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Summer is officially over, and it’s time for some exciting news! Escape the Room Long Island is making moves on a new escape game. A brand new puzzle experience, coming to a location near you!

This will be my first room turnover since working here, and I am ridiculously excited. On this blog, I’ve gone through a lot of the basics as far as playing escape games, and the differences between types. But only now am I getting to experience the crazy process of designing an escape game. And game design is a whole different ball park.

Players often ask me how often we change our rooms. Is it every week? Every month? And they’re usually surprised to hear that we only do it every couple of months, closer to a year. Since opening in 2016, our Ronkonkoma location has only changed games one or two times. So the word “renovation” is a big one.

It takes a long time to design a completely original game. At LI Escape Game, we don’t have a special board of geniuses to draw up new puzzles for us. All of our escape rooms are personally designed by staff members, and it takes a load of collaborative work to put those ideas together. There’s no right way to game design, no exact science, no way to know at the beginning how exactly the room is going to turn out. Everyone has their own ideas for puzzles, and they need to be tested and demoed so we can find the best way to make them work.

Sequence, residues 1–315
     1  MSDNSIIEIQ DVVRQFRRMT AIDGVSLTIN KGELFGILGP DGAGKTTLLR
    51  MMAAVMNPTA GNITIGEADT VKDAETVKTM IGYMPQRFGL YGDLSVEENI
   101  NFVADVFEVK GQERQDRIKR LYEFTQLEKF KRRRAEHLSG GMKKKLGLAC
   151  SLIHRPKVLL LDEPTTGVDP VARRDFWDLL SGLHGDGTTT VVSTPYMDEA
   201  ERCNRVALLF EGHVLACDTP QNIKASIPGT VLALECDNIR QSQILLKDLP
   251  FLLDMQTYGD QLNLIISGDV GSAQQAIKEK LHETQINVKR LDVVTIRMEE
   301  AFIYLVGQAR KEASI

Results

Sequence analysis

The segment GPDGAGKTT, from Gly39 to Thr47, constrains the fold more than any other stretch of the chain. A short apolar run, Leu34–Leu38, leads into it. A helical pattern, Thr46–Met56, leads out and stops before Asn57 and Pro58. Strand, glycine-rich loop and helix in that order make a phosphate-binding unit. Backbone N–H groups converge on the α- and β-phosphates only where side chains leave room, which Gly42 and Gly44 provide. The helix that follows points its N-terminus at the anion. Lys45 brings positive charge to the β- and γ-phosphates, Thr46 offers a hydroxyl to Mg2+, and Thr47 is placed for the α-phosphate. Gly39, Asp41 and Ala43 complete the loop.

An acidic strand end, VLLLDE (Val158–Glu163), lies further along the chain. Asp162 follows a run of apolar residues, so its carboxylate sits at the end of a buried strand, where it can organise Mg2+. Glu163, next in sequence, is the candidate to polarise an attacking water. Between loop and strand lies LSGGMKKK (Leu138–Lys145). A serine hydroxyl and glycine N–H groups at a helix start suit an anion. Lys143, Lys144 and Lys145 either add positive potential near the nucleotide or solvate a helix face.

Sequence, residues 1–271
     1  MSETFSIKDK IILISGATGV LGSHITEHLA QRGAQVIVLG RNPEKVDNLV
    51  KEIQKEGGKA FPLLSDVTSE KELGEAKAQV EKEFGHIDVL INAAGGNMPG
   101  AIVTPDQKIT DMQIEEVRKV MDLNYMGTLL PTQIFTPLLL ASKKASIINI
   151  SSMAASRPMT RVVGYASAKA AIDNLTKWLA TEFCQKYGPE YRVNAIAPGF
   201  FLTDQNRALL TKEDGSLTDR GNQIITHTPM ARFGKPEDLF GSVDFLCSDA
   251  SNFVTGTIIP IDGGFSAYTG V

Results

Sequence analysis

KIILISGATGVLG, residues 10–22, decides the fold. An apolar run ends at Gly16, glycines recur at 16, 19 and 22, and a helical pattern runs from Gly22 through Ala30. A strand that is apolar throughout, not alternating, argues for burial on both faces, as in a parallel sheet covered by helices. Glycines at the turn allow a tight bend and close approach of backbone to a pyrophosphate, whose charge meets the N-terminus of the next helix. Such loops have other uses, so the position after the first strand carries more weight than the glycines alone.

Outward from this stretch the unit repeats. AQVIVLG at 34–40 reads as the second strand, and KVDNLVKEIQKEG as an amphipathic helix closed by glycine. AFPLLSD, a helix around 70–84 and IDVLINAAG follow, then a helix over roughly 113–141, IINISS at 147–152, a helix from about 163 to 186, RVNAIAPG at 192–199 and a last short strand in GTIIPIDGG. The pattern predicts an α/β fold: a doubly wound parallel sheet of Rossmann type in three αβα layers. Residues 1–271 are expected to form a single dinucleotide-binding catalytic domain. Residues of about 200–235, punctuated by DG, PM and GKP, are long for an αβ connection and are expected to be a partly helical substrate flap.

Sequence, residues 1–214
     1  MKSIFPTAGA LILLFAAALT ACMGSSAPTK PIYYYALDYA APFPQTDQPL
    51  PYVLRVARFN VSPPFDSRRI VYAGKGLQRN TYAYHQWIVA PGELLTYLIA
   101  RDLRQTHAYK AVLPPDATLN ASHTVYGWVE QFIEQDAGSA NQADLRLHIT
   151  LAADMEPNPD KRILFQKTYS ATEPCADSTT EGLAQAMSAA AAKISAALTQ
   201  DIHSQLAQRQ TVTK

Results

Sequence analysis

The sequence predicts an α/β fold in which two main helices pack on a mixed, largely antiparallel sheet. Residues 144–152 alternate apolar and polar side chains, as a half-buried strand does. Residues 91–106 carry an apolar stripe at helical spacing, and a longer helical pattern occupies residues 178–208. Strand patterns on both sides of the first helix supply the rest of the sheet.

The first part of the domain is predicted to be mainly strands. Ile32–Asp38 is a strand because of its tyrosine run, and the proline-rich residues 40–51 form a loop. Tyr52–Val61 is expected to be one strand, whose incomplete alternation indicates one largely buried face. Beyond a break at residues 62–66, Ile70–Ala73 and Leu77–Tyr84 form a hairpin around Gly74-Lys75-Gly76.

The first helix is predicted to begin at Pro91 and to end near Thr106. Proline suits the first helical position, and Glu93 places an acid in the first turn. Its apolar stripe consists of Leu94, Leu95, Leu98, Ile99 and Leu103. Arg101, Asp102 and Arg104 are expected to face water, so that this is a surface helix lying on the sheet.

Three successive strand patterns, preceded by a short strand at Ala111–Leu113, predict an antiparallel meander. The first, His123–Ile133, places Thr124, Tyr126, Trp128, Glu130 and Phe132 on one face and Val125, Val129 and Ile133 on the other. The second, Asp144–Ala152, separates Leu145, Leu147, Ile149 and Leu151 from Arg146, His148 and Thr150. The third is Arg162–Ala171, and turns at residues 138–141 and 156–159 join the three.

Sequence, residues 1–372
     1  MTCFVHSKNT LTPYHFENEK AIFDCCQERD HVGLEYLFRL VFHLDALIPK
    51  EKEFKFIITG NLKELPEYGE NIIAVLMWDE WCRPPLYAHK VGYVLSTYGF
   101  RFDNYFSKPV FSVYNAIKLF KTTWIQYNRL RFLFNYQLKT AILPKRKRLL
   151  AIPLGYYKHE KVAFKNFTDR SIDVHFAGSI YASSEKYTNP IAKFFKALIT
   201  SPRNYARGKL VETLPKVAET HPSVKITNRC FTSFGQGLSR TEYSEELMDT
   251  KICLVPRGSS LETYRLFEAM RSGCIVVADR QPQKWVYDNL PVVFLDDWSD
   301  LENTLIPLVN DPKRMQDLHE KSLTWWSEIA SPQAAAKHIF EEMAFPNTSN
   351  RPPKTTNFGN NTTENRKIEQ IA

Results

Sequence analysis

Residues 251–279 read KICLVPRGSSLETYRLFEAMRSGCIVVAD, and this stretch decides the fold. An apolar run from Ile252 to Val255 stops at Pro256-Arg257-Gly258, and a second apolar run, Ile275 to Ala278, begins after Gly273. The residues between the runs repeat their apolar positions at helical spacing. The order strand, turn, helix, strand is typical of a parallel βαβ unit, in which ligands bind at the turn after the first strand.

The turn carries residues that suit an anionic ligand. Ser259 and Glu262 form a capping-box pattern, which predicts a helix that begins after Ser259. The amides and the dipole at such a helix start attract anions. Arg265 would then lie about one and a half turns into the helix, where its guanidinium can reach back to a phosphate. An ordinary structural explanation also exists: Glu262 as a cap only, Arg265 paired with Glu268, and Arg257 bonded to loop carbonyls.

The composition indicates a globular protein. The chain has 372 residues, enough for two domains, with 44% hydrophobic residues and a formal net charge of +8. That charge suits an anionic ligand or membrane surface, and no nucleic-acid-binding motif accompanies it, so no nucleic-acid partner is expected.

Making the puzzles is only step one. Once you have a pile of cool puzzles, you have to decide what order they go in. What’s the best way to make the game flow? Are players stuck in one place for too long? Is the end exciting? Are there enough puzzles for multiple players to do? Will this realistically take them about an hour? The list of questions goes on and on.

And as the name suggests, the flow of a game isn’t set in stone. We’re constantly striving to make our games better, to make them more interesting, and to make them more fun. That means never getting comfortable with one way of doing things, and reassessing our games from a clear, unbiased perspective. Maybe it would make more sense if we moved this trick earlier in the game. Maybe that prop should come into play closer to this other combination lock. Maybe for younger teams, we could try setting it up like this instead.

It’s important to note that not all escape rooms do this. A lot of games are set in stone, and they don’t change for age, group size, or skill level. But here, at least, we always try and keep your enjoyment at the forefront of our minds. So even if running an ever changing game is more difficult, it’s certainly worth the effort.

Our newest room doesn’t have a release date just yet. In fact, it’s going to look very similar to one of the rooms we’re running now, with a bunch of new surprises inside. Our tricks and turns are being tested now, and hopefully we’ll be able to make a more formal announcement soon.

I don’t want to ruin the surprise, but trust me. It’s gonna be heavy, Doc!